Screener and supervisor then picked up the ice chest as if to walk off with it. At this point, Mrs. Hays’ cooler somehow becomes ownerless in the TSA’s summary of her crimes: “You wrest[ed] a cooler containing prohibited liquids away from a TSA officer.” But those of us with morals uncorrupted by the State will agree with Mrs. Hays when she says that “…the ice chest and its contents were my property. At which point in the screening process do I relinquish this right? … Yes, I did struggle to regain my personal property….”
Pause to ponder the lunacy and jaw-dropping cruelty of the TSA in particular and the War on Terror in general. We aren’t talking a bomb, but an ice chest; not explosives, but applesauce; not criminals, but a frail great-grandmother who requires constant care, her 57-year-old daughter, and their sympathetic friend. Anyone with even a speck of decency would have applauded Mrs. Hays and her companion and lent a courteous hand to ease their way.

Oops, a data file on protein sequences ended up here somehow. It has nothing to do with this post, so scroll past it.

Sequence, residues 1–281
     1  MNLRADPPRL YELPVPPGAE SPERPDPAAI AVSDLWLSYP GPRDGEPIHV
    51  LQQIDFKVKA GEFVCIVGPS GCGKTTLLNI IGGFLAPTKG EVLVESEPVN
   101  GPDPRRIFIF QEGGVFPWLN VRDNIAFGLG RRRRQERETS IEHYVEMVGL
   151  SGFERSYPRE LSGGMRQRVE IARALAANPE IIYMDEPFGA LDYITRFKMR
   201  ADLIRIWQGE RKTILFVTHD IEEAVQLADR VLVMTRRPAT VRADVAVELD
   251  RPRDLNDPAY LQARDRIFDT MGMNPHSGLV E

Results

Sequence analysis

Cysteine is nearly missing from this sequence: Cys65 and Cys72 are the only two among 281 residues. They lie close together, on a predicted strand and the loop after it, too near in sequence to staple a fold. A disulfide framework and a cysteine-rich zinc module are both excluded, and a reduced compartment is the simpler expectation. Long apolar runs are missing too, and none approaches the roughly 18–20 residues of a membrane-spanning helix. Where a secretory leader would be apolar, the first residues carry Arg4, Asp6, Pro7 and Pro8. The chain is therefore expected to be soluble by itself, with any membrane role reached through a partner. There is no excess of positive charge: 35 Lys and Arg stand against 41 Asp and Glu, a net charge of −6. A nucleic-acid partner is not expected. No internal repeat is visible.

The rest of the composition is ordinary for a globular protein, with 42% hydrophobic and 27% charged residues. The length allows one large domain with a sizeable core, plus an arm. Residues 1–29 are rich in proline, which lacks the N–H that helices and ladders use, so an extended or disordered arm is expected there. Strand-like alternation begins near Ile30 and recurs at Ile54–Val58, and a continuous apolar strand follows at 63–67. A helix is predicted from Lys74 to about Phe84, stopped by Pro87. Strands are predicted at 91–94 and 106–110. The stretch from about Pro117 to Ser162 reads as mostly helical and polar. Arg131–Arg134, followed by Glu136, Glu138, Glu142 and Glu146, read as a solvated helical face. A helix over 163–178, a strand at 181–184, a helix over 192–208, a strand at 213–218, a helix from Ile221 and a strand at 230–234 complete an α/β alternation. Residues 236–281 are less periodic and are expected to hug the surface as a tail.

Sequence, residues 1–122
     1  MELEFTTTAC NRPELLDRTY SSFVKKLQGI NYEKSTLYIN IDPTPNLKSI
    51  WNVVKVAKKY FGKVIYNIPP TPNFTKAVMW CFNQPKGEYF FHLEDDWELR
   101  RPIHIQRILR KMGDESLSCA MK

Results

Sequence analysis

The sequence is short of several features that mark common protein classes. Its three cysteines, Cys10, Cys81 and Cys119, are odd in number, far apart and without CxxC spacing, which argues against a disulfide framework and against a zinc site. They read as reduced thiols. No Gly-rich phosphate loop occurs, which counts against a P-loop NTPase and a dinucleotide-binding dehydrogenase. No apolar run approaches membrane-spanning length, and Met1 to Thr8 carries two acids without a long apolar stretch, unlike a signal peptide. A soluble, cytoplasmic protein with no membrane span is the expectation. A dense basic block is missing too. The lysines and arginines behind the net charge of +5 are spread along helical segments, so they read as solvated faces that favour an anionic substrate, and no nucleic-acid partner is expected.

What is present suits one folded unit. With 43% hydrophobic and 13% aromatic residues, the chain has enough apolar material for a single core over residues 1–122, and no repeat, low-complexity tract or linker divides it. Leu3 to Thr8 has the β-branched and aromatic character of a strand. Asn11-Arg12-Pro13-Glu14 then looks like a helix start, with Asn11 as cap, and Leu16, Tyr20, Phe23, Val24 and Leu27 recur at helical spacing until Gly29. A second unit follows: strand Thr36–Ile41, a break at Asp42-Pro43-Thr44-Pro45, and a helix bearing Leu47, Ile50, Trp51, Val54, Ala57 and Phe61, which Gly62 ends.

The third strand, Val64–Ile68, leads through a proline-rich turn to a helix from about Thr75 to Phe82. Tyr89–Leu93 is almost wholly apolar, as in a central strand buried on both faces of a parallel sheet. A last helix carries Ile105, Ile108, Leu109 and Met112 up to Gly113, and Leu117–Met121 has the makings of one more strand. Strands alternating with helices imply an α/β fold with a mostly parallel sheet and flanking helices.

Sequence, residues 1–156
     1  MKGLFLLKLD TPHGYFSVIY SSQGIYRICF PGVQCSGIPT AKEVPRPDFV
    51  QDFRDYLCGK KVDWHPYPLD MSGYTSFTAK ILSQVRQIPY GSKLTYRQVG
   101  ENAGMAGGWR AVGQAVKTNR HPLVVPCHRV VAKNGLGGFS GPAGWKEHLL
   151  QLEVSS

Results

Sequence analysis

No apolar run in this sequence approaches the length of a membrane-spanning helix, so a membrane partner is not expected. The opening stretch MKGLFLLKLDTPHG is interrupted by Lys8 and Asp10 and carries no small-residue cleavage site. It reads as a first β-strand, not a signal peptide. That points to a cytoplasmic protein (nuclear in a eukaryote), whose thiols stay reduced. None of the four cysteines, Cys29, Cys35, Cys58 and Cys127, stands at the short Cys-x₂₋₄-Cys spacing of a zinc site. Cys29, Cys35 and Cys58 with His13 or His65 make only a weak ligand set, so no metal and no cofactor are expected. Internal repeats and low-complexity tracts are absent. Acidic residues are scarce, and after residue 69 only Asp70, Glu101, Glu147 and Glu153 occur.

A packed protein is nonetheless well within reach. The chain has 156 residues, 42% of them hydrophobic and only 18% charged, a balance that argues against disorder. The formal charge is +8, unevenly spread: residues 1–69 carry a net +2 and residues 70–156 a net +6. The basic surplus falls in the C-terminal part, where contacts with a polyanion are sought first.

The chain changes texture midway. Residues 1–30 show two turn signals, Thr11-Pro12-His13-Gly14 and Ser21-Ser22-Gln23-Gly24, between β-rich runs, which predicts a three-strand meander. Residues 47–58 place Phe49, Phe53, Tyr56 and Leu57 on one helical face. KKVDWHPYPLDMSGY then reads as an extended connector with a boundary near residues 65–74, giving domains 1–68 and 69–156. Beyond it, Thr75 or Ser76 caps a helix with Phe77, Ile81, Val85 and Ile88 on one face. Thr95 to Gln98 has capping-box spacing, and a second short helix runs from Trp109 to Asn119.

Instead, two of the TSA’s petty tyrants pretend these exemplary women are terrorists and that applesauce might explode. On that pretext, they bully, torment and mock them as they have countless others for the last eight years. Where does the TSA find these savages? And why do we permit it to sic them on us? Why haven’t we abandoned the skies and taken to the streets demanding that Congress disband this vile agency?
Alas, our valiant heroine “struggled” with the savages, during which the TSA insists that she “struck a Lead Transportation Security Officer in the arm with a closed fist.” The videotape, logic, and the TSA’s record for mendacity all confirm that the agency lies.
First, in the ten minutes of her ordeal captured on tape, Mrs. Hays never hits anyone. We see her gesticulating, pointing at her mother, trying to hold onto her ice chest as the savages attempt to steal it under her very nose. One savage laughs, presumably at her victim’s distress. But we never see Mrs. Hays strike anyone. Could she have done so when the tape ends? Unlikely, since we also see her leave the checkpoint for her gate while the cops who arrest her arrive a few seconds later.